Coir pith, a byproduct of coconut fibers and waste material from the coir industry, is stable and not easily degradable due to its high lignin content.
Coir pith takes a decade to decompose thereby posing environmental hazard and disposal problem. Pollution by plastics creates an alternative solution to reduce problems.
Hence the potential use of coir industrial wastes for production of bioplastics (Poly-(-hydroxybutyrate - PHB) as an alternative to plastics was studied. Commercial production
of this polymer is limited, however, due to higher cost and longer fermentation process as compared to petrochemical plastics. These concerned make it necessary to use the
cheapest and readily available raw materials. Azotobacter beijerinickii
used coir industrial waste as a substrate and produced PHB. Production of PHB was maximized at pH 6.5 with 3% coir hydrolysate. The amount of PHB produced by A. beijerinickii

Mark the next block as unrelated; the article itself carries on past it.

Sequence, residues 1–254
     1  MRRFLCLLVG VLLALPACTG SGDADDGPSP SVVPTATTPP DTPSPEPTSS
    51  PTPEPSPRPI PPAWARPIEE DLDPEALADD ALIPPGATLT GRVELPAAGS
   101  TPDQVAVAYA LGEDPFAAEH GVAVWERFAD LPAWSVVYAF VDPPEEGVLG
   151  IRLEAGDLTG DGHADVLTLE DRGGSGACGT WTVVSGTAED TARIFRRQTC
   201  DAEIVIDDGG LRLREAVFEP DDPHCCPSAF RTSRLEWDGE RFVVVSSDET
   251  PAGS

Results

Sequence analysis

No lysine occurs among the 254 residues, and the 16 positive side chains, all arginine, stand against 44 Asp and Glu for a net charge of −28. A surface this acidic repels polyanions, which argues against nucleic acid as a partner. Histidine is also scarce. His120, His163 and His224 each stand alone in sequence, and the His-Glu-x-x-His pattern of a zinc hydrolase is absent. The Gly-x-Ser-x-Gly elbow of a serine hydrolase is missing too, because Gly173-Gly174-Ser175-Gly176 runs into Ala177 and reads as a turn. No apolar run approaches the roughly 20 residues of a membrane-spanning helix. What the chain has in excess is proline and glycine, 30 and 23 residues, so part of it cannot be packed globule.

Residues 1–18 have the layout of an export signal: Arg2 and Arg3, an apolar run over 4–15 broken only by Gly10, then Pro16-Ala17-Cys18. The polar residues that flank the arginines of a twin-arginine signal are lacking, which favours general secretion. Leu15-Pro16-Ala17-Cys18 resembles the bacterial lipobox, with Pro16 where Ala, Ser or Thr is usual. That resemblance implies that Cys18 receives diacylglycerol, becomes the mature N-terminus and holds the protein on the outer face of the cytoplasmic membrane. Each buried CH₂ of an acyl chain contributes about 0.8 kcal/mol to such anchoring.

was 2.4 ± 0.2 g/L. The yield was 48.19 %. Production of PHB was confirmed by Sudan black B staining under a light microscope, acridine orange staining under a fluorescent microscope and by an infrared spectrometer. This investigation showed that coir industrial waste could be effectively used for the production of PHB.